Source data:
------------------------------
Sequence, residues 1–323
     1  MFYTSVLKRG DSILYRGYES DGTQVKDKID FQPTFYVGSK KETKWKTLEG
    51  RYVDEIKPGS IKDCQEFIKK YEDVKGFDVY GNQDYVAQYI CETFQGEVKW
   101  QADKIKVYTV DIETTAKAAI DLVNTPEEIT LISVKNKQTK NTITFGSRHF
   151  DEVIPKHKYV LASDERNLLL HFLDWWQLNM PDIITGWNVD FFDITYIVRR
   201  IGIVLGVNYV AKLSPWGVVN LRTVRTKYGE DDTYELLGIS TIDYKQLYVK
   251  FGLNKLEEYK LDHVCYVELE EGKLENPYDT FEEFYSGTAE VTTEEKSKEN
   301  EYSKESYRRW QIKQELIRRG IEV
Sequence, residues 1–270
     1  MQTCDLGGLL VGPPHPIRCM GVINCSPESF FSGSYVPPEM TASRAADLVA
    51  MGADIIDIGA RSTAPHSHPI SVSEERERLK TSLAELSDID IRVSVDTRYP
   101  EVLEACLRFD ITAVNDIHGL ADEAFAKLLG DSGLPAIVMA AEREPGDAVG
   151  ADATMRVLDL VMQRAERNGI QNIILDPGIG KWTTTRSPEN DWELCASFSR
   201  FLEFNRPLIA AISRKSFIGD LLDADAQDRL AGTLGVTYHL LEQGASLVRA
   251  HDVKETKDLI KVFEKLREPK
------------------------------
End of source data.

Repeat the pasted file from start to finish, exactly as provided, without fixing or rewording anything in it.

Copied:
Sequence, residues 1–323
     1  MFYTSVLKRG DSILYRGYES DGTQVKDKID FQPTFYVGSK KETKWKTLEG
    51  RYVDEIKPGS IKDCQEFIKK YEDVKGFDVY GNQDYVAQYI CETFQGEVKW
   101  QADKIKVYTV DIETTAKAAI DLVNTPEEIT LISVKNKQTK NTITFGSRHF
   151  DEVIPKHKYV LASDERNLLL HFLDWWQLNM PDIITGWNVD FFDITYIVRR
   201  IGIVLGVNYV AKLSPWGVVN LRTVRTKYGE DDTYELLGIS TIDYKQLYVK
   251  FGLNKLEEYK LDHVCYVELE EGKLENPYDT FEEFYSGTAE VTTEEKSKEN
   301  EYSKESYRRW QIKQELIRRG IEV
Sequence, residues 1–270
     1  MQTCDLGGLL VGPPHPIRCM GVINCSPESF FSGSYVPPEM TASRAADLVA
    51  MGADIIDIGA RSTAPHSHPI SVSEERERLK TSLAELSDID IRVSVDTRYP
   101  EVLEACLRFD ITAVNDIHGL ADEAFAKLLG DSGLPAIVMA AEREPGDAVG
   151  ADATMRVLDL VMQRAERNGI QNIILDPGIG KWTTTRSPEN DWELCASFSR
   201  FLEFNRPLIA AISRKSFIGD LLDADAQDRL AGTLGVTYHL LEQGASLVRA
   251  HDVKETKDLI KVFEKLREPK